Nidhi Alberti: Marc and Giselle, thanks for taking the time to chat. Tell us your thoughts on the primary fraud trends that banks and other financial institutions should really be paying attention to as they plan for next year.
Marc Trepanier: A lot has happened this year that will lead to a number of new trends in 2020 and also the continuation of existing trends. The first is user behavior analytics or UBA for continuous risk or authentication assessment. With UBA, organizations can assess user behavior; whether it’s a swipe on the phone, a wiggle of the mouse or a tap on the keyboard, making it quicker and easier to detect unusual or suspicious behavior – BioCatch is just one example of a company that is pioneering in this area.
Machine learning, which has been a big focus over the last couple of years, will continue to advance. In fact, I see supervised machine learning continuing to be the mainstay of fraud teams, though unsupervised machine learning will start to gain a foothold and become a must-have for enterprise fraud protection.
Giselle Lindley: I’d also add the trend of democratized machine learning to that, Marc. With democratized machine learning, financial crime risk managers with specific subject matter expertise are equipped with machine learning modeling tools that they can build, test and deploy quickly on their own to address specific threats. This also gives them the power to explain their choice of features, use of model scores and the actions taken to their management, auditors and regulators as required. A more democratized approach to machine learning will make it easier to show the ROI of investment – a big reason why this trend will emerge strongly.
We will also see more interest among banks for shared intelligence (features and signals vs. data) for increased accuracy of fraud detection and prevention. The concept of a centralized payments intelligence hub could be a big trend in 2020, where information around fraudulent activity can be shared between organizations. For example, if one bank gets hit by a particular fraud pattern, other banks could learn from it so as to avoid falling into the trap themselves. This just creates a win-win situation between banks and their customers. Enterprise-wide fraud management will become too narrow an approach to risk management, which will help such a centralized intelligence hub to take shape.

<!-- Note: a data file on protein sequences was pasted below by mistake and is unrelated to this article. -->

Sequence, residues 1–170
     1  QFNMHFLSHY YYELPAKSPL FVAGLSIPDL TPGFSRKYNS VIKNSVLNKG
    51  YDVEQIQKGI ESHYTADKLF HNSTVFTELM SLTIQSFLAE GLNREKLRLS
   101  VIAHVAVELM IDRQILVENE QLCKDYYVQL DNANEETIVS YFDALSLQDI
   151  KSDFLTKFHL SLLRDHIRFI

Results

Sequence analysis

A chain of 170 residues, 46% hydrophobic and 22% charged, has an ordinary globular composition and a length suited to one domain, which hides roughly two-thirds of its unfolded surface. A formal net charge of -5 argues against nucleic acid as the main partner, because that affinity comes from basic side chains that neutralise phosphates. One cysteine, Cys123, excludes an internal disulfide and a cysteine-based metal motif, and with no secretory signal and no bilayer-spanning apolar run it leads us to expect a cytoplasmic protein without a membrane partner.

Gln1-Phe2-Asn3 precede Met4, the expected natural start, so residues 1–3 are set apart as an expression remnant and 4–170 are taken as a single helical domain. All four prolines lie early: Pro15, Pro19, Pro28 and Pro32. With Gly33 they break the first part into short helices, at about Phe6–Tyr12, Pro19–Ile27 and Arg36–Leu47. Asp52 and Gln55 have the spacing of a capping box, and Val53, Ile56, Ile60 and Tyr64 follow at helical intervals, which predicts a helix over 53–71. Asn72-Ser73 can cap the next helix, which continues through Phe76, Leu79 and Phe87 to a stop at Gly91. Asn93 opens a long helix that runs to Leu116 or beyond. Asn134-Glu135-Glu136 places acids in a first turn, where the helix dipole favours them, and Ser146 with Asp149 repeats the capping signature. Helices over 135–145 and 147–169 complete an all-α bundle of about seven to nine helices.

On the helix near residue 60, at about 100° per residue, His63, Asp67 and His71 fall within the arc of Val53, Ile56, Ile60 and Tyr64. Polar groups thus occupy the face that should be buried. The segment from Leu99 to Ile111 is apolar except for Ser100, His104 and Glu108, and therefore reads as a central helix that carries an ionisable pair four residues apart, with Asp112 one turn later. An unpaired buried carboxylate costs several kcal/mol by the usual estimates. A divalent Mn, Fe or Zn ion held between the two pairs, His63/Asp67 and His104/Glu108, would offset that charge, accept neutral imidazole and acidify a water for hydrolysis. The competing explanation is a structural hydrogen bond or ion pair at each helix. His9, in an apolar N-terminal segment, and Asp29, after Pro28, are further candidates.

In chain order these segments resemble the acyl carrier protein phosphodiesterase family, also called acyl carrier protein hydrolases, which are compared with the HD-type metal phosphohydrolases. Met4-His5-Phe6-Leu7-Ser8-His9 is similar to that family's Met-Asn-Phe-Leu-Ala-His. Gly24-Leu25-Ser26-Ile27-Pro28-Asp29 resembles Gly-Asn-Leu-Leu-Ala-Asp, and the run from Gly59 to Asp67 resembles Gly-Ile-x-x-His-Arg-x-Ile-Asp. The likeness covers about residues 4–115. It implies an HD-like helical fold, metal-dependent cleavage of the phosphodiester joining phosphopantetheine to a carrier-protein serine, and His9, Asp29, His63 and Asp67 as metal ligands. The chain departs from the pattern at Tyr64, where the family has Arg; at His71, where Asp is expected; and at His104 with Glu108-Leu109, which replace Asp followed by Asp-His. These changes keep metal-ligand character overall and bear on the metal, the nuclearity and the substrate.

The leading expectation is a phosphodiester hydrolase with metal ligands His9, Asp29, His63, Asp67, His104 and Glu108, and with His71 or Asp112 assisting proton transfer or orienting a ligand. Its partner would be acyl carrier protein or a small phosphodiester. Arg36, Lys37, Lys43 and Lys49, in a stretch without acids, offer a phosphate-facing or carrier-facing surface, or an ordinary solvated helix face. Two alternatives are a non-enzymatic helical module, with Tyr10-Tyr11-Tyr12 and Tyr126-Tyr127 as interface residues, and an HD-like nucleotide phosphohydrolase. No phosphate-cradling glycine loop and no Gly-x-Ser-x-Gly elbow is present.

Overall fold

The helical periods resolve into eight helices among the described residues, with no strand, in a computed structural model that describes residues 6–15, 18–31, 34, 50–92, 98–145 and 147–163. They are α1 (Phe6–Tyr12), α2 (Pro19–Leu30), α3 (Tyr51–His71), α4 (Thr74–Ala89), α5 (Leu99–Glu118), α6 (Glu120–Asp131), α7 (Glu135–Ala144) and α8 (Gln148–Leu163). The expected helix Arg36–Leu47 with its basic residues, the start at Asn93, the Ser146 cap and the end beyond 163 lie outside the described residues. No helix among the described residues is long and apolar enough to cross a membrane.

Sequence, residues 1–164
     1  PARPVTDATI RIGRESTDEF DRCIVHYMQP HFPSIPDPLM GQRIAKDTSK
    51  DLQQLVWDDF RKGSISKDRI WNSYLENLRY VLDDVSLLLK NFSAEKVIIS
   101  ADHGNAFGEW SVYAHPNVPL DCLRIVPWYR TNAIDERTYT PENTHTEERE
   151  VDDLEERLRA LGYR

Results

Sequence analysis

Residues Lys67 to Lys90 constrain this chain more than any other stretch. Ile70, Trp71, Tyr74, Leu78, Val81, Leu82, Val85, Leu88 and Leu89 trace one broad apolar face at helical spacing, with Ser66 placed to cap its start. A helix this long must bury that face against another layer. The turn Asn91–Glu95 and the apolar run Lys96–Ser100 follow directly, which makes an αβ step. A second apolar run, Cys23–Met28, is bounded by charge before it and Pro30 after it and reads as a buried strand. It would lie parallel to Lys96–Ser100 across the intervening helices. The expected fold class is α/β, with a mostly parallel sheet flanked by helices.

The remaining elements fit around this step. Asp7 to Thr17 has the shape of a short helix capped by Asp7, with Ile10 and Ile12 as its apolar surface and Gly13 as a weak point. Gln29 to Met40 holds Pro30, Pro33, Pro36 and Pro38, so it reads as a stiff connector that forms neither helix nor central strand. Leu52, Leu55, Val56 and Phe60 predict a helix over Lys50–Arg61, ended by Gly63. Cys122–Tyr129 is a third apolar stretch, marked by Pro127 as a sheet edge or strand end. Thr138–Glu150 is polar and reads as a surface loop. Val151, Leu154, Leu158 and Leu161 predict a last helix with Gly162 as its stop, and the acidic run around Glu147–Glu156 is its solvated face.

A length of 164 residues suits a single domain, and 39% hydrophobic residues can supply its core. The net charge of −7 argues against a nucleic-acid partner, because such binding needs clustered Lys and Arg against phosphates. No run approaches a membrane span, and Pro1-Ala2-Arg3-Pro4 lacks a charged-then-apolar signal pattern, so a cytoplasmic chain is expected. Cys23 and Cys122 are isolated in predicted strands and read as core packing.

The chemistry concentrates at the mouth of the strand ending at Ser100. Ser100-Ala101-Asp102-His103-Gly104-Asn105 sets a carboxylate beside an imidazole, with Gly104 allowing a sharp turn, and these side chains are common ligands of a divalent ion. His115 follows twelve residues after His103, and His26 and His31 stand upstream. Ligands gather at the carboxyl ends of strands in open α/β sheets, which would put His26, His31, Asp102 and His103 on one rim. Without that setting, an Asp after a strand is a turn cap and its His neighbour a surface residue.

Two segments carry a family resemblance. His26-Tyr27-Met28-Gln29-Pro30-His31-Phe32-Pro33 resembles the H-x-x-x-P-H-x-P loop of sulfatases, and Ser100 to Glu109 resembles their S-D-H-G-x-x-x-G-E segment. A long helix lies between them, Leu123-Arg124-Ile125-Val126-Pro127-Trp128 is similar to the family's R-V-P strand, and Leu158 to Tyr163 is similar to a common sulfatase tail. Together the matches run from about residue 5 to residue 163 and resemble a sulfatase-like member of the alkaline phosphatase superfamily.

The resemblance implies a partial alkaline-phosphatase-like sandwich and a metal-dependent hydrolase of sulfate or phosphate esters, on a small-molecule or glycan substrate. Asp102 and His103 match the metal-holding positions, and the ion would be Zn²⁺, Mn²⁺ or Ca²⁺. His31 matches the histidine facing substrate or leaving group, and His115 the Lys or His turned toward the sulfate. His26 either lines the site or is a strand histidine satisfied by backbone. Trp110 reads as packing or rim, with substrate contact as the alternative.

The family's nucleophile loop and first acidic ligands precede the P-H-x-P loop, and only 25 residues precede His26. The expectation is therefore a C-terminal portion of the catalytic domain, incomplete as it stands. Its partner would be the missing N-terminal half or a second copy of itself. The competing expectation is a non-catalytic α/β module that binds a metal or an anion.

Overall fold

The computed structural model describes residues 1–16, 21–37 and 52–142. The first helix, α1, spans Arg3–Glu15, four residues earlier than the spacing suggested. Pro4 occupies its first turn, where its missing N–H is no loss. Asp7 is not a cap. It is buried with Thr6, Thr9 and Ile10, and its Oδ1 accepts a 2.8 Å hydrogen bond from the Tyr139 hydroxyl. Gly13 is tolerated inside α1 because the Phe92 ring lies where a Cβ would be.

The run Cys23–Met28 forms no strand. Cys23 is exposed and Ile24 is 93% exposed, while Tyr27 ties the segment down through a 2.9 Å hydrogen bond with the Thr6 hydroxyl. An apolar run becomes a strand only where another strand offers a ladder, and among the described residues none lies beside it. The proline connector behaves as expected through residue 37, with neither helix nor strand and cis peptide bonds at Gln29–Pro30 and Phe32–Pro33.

NA: Interesting insights! Can you talk more about the trends that took shape this year that will continue into next year?
MT: I see the rise of application fraud continuing into next year. Across the world, identity scans are largely broken, meaning that synthetic IDs and pure identity theft will continue to increase next year, especially as banks and credit grantors continue to neglect reporting these losses or lose them in credit losses.
GL: To add to Marc’s point about the rise of application fraud, I see continued attacks on central infrastructures that manage digital address books for immediate payment accounts, for example Australian PayID attacks.
MT: And let’s not forget consumer scams. Consumers across the world are now the weakest link, as fraudsters continue to manipulate them in their scams – something that is sometimes referred to as “social engineering.” This will drive an ongoing rise in authorized push payments (APP) fraud in the U.K. and across other countries. Related to consumer scams, fraudsters will look to exploit weaknesses in peer-to-peer payment platforms and immediate payments services next year and beyond.
GL: There will also be an increase in scam victims’ conversion to “mules” as customers realize they have been duped and banks refuse to reimburse losses. This will leave fraudsters with a list of victims ripe for further social engineering as they recruit fraud mules willing to have their account used to transfer stolen funds if there is a promise that they can get back some of the funds they have lost. In the same vein, banks will face increasing pressure to protect vulnerable customers from such attacks by identifying threats and proactively protecting against them. This is a highly specialized task that requires accurate demographic profiling and assessment of customers’ financial information in an ongoing manner.
Visibility is crucial here, as Indicators of fraud can appear anywhere, from transactions and customer interactions to attempts at biometric authentication and geo-location. It’s therefore important that banks can see risks across all channels, dismantling the silos that can lead to fraud threats being missed and for a potential fraud vector to emerge. With the emergence of the Public Cloud banks can balance their physical and virtual (or legacy and modern) solutions, finding fast and flexible ways to transform without disrupting core services. This will help banks to bring their data sources together in a meaningful, useful way, without creating problems for the delivery of existing services. For this reason, expect to see public cloud deployment of enterprise fraud detection as a growing trend in 2020.
MT: Good ol’ card-not-present (CNP) fraud will continue its ravages into next year, too. Until 3D Secure 2.0 is in place and the SCA push in Europe is complete, eCommerce will continue to be fertile ground for fraudsters. In the U.S., I think this will stay on the list for at least two more years, given the market’s slower rate of change.
NA: Technology is obviously evolving quickly in response to a number of these trends – what would you say will be the big technology losers in 2020?
MT: Canned reporting is too slow and uninsightful, and I think this will definitely lose out next year. The big whiff this year was evidently the whole PSD2/SCA deadline that was missed by nearly everyone. It will be interesting to see how 2020 pushes the fraud bubble once SCA is in place and 3DS 2.0 is launched.
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